Media silence lifted now Gosnell found guilty of murder

Now that Dr Kermit Gosnell has been found guilty of murder, the media silence surrounding this case has been lifted and the story is beginning to make headlines. Cranmer comments that this case once again raises serious questions about when life actually begins, noting that Pennsylvania and the UK are exceptional. He states “not everywhere has a 24-week limit… Across Europe, the upper limits are: France 12, Germany 12, Italy 12, Belgium 12, Bulgaria 12, Denmark 12, Czech Republic 12, Greece 12, Hungary 12, Luxembourg 12, the Netherlands 13, Poland 12, Slovakia 12 and Sweden, the most ‘liberal’, 18.”

Cranmer is quite right to raise these issues. He is equally correct in highlighting the moral inconsistency, pointed out by former Archbishop of Canterbury Rowan Williams, that asserts “the pregnant woman who smokes or drinks heavily is widely regarded as guilty of infringing the rights of her unborn child; yet at the same time, with no apparent sense of incongruity, there is discussion of the possibility of the liberty of the pregnant woman herself to perform the actions that will terminate a pregnancy.” Indeed, he is most likely correct that “the nation cries out for a latter-day Shaftsbury or Wilberforce in Parliament who will bang on about this barbarism ad nauseam, day after day, week after week, until something is done about it.”

I was struck by one particular comment in the Guardian. Having stated that both sides of the abortion debate “endorsed the verdict”, the paper offered statements from a pro-life organisation and a pro-choice group. Unsurprisingly, the pro-life spokesman endorsed the verdict and claimed the result “helped more people realize what abortion is really about” and went on to state that he hoped this would lead to further legislation reducing the number of terminations. So far, so expected.

However, the paper claimed “supporters of legalized abortion said the case foreshadows what poor, desperate young women could face if abortion is driven underground with more restrictive laws”. Whilst that comment may be unsurprising, the argument is woeful. Specifically, the argument fails because this did happen without “restrictive laws”. Indeed, this happened in a place with higher legal limits and more relaxed attitudes to abortion than much of Europe, and did so without driving anybody underground but to a known, community abortion clinic. This is not foreshadowing what could happen under tighter legislation but is the reality of what has happened under current legislation. Indeed, such was the work of Dr Gosnell that even the comparatively “liberal” Pennsylvanian abortion laws were flouted.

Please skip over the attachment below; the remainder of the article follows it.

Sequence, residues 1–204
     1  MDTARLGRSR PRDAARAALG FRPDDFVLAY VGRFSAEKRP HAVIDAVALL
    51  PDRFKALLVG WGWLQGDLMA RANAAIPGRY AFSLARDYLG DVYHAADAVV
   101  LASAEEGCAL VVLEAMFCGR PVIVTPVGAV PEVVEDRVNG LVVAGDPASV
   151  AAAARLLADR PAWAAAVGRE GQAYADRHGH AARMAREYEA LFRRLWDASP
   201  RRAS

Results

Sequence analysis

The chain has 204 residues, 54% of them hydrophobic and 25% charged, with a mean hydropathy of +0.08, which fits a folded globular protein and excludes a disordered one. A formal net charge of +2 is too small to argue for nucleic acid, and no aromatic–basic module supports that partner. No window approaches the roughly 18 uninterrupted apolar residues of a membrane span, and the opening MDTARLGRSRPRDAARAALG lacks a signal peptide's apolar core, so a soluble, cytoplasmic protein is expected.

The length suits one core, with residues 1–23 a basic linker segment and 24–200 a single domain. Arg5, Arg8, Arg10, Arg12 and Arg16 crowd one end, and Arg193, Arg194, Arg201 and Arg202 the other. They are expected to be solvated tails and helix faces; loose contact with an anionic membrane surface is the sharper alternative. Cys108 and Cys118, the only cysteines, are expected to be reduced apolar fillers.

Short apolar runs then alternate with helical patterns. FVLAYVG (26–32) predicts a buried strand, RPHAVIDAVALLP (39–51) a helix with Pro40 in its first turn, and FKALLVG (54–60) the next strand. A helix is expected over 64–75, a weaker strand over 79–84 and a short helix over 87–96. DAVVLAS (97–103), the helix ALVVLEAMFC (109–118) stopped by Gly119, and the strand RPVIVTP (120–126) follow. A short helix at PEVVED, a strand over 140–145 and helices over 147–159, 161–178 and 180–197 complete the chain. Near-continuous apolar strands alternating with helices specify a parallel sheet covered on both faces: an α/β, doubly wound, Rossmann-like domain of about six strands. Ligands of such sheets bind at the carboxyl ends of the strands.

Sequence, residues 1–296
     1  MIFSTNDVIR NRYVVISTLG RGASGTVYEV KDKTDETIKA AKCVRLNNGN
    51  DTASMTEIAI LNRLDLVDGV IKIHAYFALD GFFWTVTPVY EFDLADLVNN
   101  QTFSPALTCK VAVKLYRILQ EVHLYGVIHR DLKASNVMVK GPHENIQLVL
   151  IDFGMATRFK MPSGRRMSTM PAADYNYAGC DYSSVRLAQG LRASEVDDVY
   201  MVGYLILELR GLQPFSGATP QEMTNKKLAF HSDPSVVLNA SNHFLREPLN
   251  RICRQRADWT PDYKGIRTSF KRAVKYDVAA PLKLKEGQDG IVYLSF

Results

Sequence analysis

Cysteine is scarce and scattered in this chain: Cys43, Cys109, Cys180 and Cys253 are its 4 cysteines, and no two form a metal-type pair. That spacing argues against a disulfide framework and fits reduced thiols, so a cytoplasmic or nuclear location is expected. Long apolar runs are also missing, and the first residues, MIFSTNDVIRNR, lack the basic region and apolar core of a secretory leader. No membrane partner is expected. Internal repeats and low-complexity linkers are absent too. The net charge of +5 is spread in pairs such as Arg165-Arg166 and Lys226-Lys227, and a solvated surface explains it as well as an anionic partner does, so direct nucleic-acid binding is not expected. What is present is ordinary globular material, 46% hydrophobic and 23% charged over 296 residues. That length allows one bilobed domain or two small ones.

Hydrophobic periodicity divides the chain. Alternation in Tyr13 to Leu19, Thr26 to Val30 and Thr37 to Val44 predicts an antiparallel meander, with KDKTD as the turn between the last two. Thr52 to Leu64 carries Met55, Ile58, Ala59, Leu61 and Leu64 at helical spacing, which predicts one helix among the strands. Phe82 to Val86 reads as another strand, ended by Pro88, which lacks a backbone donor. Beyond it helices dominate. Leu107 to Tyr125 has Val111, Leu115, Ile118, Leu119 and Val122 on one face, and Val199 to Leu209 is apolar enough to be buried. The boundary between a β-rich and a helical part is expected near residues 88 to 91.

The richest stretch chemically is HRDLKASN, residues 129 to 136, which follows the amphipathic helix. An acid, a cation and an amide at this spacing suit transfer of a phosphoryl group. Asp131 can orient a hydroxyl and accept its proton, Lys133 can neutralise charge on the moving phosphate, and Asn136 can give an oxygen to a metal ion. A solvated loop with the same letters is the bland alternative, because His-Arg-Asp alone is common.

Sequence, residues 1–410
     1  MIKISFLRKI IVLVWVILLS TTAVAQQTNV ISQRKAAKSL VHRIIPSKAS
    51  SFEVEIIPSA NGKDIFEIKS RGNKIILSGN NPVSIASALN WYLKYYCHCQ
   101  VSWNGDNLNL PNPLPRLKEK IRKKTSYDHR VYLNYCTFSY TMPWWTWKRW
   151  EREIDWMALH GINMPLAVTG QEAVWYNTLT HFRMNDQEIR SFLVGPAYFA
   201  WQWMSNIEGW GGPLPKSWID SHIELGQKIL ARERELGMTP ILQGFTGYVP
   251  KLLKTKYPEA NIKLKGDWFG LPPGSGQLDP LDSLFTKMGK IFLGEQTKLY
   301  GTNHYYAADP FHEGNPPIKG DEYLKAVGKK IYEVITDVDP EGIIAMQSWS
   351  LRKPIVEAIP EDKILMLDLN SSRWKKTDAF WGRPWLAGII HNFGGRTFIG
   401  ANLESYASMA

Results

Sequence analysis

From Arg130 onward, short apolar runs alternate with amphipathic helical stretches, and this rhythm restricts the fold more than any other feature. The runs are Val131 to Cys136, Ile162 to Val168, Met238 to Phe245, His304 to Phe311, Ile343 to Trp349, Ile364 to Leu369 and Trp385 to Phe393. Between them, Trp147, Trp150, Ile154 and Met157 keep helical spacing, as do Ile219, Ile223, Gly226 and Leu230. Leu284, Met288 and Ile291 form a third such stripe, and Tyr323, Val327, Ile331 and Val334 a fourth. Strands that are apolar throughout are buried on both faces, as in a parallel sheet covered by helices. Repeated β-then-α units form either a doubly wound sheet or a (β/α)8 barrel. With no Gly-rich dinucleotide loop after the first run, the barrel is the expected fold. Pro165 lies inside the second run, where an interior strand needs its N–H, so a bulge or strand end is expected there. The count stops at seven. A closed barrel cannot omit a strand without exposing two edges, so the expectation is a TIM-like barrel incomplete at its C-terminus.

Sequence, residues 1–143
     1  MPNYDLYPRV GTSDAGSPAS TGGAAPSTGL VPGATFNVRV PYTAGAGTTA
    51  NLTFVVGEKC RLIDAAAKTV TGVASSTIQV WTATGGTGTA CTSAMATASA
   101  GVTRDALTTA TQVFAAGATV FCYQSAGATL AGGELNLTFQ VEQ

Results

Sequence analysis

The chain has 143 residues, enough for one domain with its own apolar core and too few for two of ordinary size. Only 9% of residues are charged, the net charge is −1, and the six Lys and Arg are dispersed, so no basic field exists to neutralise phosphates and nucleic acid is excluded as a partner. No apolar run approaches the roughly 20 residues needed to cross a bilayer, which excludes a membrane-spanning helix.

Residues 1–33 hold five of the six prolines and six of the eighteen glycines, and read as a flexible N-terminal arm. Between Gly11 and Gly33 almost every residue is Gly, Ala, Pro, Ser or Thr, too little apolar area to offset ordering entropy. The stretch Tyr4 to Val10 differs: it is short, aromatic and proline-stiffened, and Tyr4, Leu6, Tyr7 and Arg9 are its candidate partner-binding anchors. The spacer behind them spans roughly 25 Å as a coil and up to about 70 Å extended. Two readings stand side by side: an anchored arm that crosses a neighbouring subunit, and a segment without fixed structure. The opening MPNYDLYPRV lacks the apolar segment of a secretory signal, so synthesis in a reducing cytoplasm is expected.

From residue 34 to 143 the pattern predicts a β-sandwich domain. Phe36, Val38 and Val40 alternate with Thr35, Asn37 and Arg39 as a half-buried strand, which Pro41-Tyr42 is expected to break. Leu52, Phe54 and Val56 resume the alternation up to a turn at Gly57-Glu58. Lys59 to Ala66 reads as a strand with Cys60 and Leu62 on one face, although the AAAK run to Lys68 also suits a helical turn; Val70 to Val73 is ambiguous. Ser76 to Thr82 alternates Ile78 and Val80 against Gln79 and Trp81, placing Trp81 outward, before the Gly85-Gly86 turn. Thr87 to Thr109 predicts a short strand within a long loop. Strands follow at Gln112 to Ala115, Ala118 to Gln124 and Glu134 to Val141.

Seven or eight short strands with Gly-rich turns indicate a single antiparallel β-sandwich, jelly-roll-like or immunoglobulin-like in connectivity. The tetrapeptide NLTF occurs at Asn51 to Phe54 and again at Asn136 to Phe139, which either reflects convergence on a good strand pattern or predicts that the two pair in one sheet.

More interesting still, president of Naral pro-choice America  – Ilyse G Hogue – stated “Kermit Gosnell has been found guilty and will get what he deserves. Now, let’s make sure these women are vindicated by delivering what all women deserve: access to the full range of health services including safe, high-quality and legal abortion care”. This doesn’t sound like somebody who has “endorsed the verdict”. Indeed, her inference appears to be that Gosnell’s main crime – though, nevertheless, still a hideous one – was the poor care for the women at his clinic. However, the verdict found him guilty of the first-degree murder of three children and was not primarily a result of his lack of care for the women in his clinic. Whilst Gosnell’s lack of care for the women at his clinic was heinous indeed, it is not the primary atrocity. Ilyse Hogue passes no comment on the verdict of murder and sees vindication for these women as allowing further such abhorrent practices to occur, so long as it happens in a clean and safe environment.

Kermit Gosnell has now been found guilty of three charges of first-degree murder, infanticide, racketeering and more than 200 counts of violating Pennsylvania’s abortion laws by performing third-term abortions or failing to counsel women 24 hours in advance. He showed no regard for the life of the children he terminated, the women who came to his clinic, the employees working for him nor the authorities to whom he was subject. 

Whatever side of the abortion debate one falls, these particular crimes cannot be seen as anything other than horrific. Nor can they be couched in terms of what happens under restrictive legislation. Indeed, these crimes occurred in violation of existing legislation that, in comparison to much of Europe, is “liberal”. It may be a sign of what happens when legislation is poorly implemented, it may be what happens when legislation is not enforced or it may be what happens when legislation is too permissive. To be sure, there are many possible reasons and opposing sides of the debate are likely to cling to those that reinforce their predispositions. However, what this case most certainly does not show is this is what happens when restrictive laws are enforced.